The story in the other answer is not fundamentally wrong but incomplete and bit inaccurate. Saving does actually affect capital stock through investment in Solow model (assuming based on the Solow tag that is the model you want intuition for), but there is more complexity to it. What is saving Investment is actually equal not just to private saving but both ...

3

If I understand correctly you are not interested just in saving but to mathematical approach to normative questions in general. This approach is actually quite common in the whole literature that uses normative economics. For example, the question of redistribution is predominantly normative question, because as opposed to questions of social efficiency, ...

2

Just to add a little more intuition, recall the difference between a small open economy and a closed economy. A closed economy must consume its endowment. A small endowment, however, can borrow and lend from the rest of the world. This allows it to engage in intertemporal trade. When it borrows from the rest of the world, it does so to either increase ...

2

Think about the permanent income hypothesis. People's spending is dependent not just on present income, but also the future stream of income. A deflation usually indicates a recession. The central bank is trying to optimize monetary policy subject to a short run Phillip's curve. $$\min_{u, \pi} V(u, \pi) = -(u^2 + \pi^2)$$ such that u = u^* + k(\pi^e - \...

2

Yes, this is very counter-intuitive and confusing. However, there is an interesting explanation involving graphical analysis of demand and supply i.e. why swap axes? . I think, the explanation in that link may offer you some elements of answer.

2

I think that part of the blog post is just saying that savings may not equal investment in capital immediately, because there can be a delay caused by firms accumulating inventory. But firms can't continue to accumulate inventory indefinitely, so this is only a transient phenomenon. Sooner or later, inventory will reach a new equilibrium and savings will ...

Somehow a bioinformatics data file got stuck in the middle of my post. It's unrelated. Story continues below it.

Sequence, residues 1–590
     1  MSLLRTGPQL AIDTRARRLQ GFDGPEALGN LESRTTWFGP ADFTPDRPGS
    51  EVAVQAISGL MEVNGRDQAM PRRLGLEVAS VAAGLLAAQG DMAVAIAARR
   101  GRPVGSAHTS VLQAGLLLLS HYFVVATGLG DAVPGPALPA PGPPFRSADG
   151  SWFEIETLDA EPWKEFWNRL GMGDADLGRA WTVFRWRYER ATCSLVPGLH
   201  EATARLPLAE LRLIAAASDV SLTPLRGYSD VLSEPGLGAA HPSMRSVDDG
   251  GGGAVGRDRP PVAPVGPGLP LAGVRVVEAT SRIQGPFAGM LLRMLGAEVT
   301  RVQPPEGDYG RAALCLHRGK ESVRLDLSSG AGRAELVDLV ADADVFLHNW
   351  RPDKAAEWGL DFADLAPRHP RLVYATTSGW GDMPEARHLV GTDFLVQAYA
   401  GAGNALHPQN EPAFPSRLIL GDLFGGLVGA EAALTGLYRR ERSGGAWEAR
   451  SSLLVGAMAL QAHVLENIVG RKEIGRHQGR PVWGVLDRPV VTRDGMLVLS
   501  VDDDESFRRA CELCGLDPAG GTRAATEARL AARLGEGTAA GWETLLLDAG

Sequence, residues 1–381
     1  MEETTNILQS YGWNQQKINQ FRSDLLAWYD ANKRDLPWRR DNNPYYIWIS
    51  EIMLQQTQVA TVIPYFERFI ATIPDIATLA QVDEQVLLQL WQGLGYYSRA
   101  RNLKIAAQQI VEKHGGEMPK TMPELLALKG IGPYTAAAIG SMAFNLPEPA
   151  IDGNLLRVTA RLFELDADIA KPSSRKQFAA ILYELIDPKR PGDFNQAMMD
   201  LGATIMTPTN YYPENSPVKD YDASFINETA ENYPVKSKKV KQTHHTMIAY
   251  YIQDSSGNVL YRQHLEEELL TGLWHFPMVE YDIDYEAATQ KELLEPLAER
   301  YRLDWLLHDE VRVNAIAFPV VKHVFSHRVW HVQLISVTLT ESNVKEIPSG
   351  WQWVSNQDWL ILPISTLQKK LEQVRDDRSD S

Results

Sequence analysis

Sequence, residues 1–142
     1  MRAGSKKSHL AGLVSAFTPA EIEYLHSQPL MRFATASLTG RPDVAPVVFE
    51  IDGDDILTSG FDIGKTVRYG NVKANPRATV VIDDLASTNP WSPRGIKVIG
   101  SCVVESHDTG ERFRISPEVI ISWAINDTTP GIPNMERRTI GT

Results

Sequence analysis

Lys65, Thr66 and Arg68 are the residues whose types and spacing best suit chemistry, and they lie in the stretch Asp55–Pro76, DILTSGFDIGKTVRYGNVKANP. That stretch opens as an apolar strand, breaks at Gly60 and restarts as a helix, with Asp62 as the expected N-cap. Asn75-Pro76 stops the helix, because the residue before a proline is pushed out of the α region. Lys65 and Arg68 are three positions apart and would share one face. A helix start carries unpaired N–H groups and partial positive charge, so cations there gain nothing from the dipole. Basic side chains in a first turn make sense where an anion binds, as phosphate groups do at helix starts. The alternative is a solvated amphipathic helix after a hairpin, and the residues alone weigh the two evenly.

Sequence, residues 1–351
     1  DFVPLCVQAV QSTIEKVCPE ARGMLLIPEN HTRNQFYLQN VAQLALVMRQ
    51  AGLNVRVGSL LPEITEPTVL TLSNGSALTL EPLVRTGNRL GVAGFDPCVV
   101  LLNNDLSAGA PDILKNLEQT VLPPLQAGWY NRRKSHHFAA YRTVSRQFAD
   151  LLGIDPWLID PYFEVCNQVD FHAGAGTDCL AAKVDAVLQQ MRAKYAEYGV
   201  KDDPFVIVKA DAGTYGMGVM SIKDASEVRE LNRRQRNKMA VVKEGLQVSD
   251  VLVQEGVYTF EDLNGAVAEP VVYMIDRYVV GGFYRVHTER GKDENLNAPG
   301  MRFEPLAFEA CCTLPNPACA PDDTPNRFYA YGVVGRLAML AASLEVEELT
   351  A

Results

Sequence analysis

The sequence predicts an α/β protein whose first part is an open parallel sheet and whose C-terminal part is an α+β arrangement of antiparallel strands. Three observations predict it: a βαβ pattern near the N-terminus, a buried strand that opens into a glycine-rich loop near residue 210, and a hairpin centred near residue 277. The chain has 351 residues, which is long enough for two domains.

2

At the level of an individual household it can be rational for poverty and savings to coexist. There are degrees of poverty. In terms of food, there is having a somewhat varied and adequate diet but with meat only once a week, there is having a monotonous, entirely vegetarian but adequate diet, and there is going hungry. In terms of education (in a ...

2

Your question is essentially about precautionary savings, i.e. the response of savings to risk. What determines precautionary savings is the coefficient of relative prudence: $CRP=-\frac{U'''}{U''}C$, where $U$ is the utility function, $C$ is consumption and primes denote derivatives. As we always have decreasing marginal utility in economics, i.e. $U''<... 2 Tax falls out of the equation. Based on your model, tax can still be in the equation, but it is hidden inside of your$C$and$G$. First, as you mentioned, if consumption is not constant, then adjusting the tax rate will change$C$(lower$T$higher$C$). But the tax rate is also imbued in your$G$- the government must have some budget. In a balanced ... 2 It may be more "profitable" to present your analysis here for detailed discussion. It is particularly relevant to tell us what sort of retrofit you are considering (Insulation upgrade? Triple-pane argon windows? Tankless water heater? Solar plus storage?) as well as the particulars of your local energy market. The prices you face as a consumer depend on ... 2 At the national (macro) level in a closed economy, total savings must equal total investment. Total savings are total output - total consumption. If there is no "savings technology" with a depreciation rate below 100% in your economy then there can be no savings. I.e. there has to be a way to store things without losing 100% of what you store. Can John ... 2 You dont even have to have money or other people to make transactions with to save. In economics savings is a proportion of your output/income that is not consumed. For example, you can have a Robinson Crusoe on an island all alone and he can save. An example, Crusoe will collect 10 pieces of wood uses 5 for fire and other 5 are left for later. That is by ... 2 I do not think there is some dataset that has such an detailed breakdown that you want. However, one of the most widely used datasets on financial assets held by households are the various national surveys including the Survey of Chinese Consumer Finance and Investor Education (SCCFIE), China Household Finance Survey (CHFS), or Chinese Survey of Consumer ... 2 Savings in macro are equal to investment$(S=I)\$. Investment is how you get new capital stock. When people save more they also by definition invest more and when they invest more there is more capital.